David Humm, perhaps the greatest quarterback in Las Vegas prep history, died late Tuesday at Mountain’s Edge Hospital from complications of multiple sclerosis. He was 65.
His death was confirmed Wednesday by close friend Steve Stallworth, South Point Arena general manager and former UNLV quarterback.
Humm left Las Vegas after graduating from Bishop Gorman High School for the University of Nebraska, where he was an All-American in 1974, and then played 10 years in the NFL, seven of them with the Raiders.
“The entire Raiders family is deeply saddened to learn of David Humm’s passing. David was a true Raider in every sense, and the heart of the Raider Nation goes out to his family at this time,” the Raiders said Wednesday in a statement.
The entire Raiders Family is deeply saddened to learn of David Humm's passing.
— OAKLAND RAIDERS (@RAIDERS) March 28, 2018
Humm, who would have turned 66 on Monday, had battled multiple sclerosis since 1988. The disease confined him to a wheelchair permanently in 1997, but he never lost his competitive nature, trying to beat the disease since he received the diagnosis.
“It never went through my mind that I wouldn’t beat it,” Humm told the Las Vegas Review-Journal in 2008. “It’s never gone through my mind that this is going to be me to this day.”
Local sports history can’t be written without Humm’s name. He was the first inductee into the Southern Nevada Sports Hall of Fame, and Raiders owner Al Davis flew in for the 1997 ceremony, as well as former Nebraska coach Tom Osborne and many of his ex-Oakland teammates.
“That was one of the most special nights of my life,” Humm said.
The SNSHOF said Wednesday in a statement: “In addition to being one of the finest athletes to ever hail from Southern Nevada, (David) has been an inspiration to our community. He will be forever remembered for his kindness, compassion and courage in the face of the many obstacles that he faced.”
In 1999, the Review-Journal sports staff voted Humm as the No. 9 local athlete of the 20th century.
The #SNSHF is saddened by the passing of David Humm. He will be forever remembered for his kindness, compassion and courage in the face of the many obstacles that he faced. David will be missed, and we offer our deepest condolences to his family and many friends. RIP Hummer. pic.twitter.com/kLwVd8tRCb
— S. NV Hall of Fame (@SNSHF) March 28, 2018
The Bishop Gorman star was the most heavily recruited athlete to come out of the valley when the football powers came calling in 1970. NCAA rules didn’t limit the number of visits at the time, and Humm visited 12 of the 18 schools on his list. More than 100 schools recruited him.
Alabama coach Bear Bryant even brought legendary quarterback Joe Namath with him to Las Vegas to try to persuade Humm to sign with the Crimson Tide. Notre Dame coach Ara Parseghian also visited.
“In 1970, there were no rules,” Humm said. “(Alabama) had coaches living there the last three weeks of the season.
“We were meeting with a different group of coaches every night of the week. … It was the craziest year of my life.”
Humm eventually chose Nebraska. He became the first Huskers quarterback to break the 5,000-yard career passing mark, and finished fifth in the Heisman Trophy voting in 1974.
Nebraska went 27-7-2 and finished in The Associated Press’ Top 10 all three years that Humm started. He quarterbacked victories over Notre Dame in the Orange Bowl after the 1972 season, Texas in the Cotton Bowl (1973) and Florida in the Sugar Bowl (1974).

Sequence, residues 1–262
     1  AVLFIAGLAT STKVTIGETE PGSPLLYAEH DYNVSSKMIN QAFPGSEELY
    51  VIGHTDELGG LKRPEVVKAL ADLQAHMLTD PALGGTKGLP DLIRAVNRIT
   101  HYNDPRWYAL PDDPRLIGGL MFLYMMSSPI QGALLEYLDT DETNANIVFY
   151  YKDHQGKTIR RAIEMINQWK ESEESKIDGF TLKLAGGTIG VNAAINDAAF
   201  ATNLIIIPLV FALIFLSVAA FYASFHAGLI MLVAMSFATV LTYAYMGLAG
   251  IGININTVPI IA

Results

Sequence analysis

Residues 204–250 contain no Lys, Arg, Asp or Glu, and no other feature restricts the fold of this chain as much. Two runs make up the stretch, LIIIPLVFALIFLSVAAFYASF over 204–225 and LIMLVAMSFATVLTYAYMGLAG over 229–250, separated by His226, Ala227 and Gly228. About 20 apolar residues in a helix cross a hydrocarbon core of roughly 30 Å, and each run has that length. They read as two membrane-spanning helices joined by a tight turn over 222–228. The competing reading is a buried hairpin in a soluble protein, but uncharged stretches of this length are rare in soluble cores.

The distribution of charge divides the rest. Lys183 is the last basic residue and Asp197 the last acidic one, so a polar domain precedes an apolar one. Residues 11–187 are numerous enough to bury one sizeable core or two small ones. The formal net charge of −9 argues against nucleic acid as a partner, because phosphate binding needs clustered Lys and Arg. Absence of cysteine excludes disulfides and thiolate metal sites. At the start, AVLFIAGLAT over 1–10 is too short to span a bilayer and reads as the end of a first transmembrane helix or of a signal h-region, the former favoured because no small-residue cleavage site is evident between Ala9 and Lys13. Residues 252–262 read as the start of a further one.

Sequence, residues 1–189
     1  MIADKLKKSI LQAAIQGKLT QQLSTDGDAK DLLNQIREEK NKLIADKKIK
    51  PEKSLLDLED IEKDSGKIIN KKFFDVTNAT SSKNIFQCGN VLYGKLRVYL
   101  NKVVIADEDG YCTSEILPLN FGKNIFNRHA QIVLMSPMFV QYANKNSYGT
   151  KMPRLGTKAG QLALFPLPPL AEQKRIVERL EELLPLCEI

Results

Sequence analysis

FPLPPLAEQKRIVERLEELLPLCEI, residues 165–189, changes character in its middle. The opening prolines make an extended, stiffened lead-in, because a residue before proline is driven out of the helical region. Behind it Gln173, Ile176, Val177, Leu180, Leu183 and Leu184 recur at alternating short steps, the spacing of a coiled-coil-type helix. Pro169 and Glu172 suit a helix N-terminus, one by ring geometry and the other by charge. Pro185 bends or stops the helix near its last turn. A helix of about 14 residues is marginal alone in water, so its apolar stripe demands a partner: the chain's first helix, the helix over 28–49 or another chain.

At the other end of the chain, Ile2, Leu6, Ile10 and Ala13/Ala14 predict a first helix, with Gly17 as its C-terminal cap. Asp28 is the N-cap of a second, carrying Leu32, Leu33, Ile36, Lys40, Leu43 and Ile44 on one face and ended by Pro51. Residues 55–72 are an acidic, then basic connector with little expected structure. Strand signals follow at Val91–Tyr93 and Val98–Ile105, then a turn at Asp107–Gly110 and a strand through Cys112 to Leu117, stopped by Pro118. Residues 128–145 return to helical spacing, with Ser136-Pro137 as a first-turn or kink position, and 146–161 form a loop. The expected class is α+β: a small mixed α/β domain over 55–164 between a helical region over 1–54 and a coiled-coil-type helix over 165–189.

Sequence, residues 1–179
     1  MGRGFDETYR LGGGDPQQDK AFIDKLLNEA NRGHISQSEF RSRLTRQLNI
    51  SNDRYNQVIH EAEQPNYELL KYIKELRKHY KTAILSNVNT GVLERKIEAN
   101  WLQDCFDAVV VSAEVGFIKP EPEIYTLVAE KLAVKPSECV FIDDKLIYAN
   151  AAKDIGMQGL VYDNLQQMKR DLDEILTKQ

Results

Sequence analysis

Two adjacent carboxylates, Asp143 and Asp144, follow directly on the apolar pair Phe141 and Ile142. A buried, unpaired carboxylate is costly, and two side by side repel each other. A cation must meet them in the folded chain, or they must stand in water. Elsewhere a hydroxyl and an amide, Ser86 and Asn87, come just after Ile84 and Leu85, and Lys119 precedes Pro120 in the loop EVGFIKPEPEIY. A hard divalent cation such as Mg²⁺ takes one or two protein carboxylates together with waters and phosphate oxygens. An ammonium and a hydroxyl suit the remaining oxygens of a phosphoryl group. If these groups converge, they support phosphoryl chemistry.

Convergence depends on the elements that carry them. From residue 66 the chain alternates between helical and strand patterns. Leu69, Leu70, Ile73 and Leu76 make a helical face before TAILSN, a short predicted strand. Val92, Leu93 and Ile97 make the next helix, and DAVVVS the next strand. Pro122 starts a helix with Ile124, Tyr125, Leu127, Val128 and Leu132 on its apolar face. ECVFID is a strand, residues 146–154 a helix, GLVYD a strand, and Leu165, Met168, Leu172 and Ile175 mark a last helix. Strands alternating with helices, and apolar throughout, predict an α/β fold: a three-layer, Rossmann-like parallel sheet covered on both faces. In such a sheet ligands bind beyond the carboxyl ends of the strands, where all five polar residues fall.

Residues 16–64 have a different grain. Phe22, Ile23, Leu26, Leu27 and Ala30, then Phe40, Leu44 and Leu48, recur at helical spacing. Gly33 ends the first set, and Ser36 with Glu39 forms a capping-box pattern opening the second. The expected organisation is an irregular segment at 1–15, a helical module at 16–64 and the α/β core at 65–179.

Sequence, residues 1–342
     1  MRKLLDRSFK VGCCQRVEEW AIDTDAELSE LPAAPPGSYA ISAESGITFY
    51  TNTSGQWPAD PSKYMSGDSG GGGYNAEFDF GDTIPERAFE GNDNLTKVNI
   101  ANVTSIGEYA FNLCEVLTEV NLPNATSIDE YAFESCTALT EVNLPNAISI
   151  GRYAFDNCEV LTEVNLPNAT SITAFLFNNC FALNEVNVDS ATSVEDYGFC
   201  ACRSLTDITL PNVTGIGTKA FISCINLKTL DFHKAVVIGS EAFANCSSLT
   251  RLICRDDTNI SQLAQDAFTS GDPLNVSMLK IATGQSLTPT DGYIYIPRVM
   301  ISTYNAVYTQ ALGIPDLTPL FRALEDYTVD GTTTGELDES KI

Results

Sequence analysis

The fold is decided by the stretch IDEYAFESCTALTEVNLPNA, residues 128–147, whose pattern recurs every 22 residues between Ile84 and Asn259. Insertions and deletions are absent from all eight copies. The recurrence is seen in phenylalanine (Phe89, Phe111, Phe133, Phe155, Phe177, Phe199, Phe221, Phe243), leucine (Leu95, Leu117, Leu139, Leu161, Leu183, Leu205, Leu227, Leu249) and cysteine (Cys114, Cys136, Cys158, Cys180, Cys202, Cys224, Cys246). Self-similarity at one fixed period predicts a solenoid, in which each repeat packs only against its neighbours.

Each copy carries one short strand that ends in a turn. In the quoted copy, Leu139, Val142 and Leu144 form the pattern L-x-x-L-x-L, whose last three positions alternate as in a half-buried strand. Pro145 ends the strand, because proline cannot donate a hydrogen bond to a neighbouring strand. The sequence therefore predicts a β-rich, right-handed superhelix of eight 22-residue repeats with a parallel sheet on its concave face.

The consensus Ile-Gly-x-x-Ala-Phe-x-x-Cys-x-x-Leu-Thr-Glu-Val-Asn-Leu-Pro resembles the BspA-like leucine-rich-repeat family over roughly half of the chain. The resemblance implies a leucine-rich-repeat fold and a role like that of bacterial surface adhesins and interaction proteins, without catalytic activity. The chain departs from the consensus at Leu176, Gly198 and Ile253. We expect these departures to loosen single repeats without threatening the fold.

The school inducted Humm into its Sports Hall of Fame in 1985.
“Dave was an outstanding player for us and was a great passer,” Osborne said Wednesday in a statement. “I recall that getting Dave to Nebraska was one of the most intense recruiting battles we ever won.”
Oakland drafted Humm in the fifth round in 1975, but making the Raiders was no sure thing with Ken Stabler, Daryle Lamonica and George Blanda crowding the depth chart. Humm received a major break, though, when Lamonica surprisingly retired.
“That first practice where you sit, that first meeting where you go in there, you realize these are real men,” Humm said. “You realize this is a game, but it’s a job. And then you realize on this level, everybody can play. It’s a completely different speed.”
Humm won two Super Bowl rings with the Raiders, but he was mostly a clipboard holder on the sideline. He had stops with the Raiders in Oakland and Los Angeles, the Buffalo Bills and Baltimore Colts.
“I wasn’t that big-gun guy, but I was a guy that you want on your team,” Humm said.
The end finally came in a 1984 game at Chicago’s Soldier Field. Minutes after Bears defensive end Richard Dent removed several of Humm’s teeth with a vicious hit, linebacker Otis Wilson did the real damage with a stomach-turning tackle that tore cartilage in both of Humm’s knees.
But Humm, a Davis favorite, wasn’t done with the Raiders. He served as analyst on radio broadcasts in 1995 and 1996 before being forced to the wheelchair in 1997. Humm thought he would have to give up his broadcasting duties and called Davis with the news, but the owner refused to accept his resignation and hung up. He remained an analyst on pregame and postgame shows, eventually working from his Las Vegas home in a studio that Davis had built for him.
When asked how he would like to be remembered, Humm replied, “Just that I showed up and played, just that I went to work every day and loved to play this game.”
Humm is survived by his daughter, Courtney, brother, Tom, and sisters Cathy DeValliere and Lori Scharar. The South Point is planning a celebration of his life with the time and date to be determined.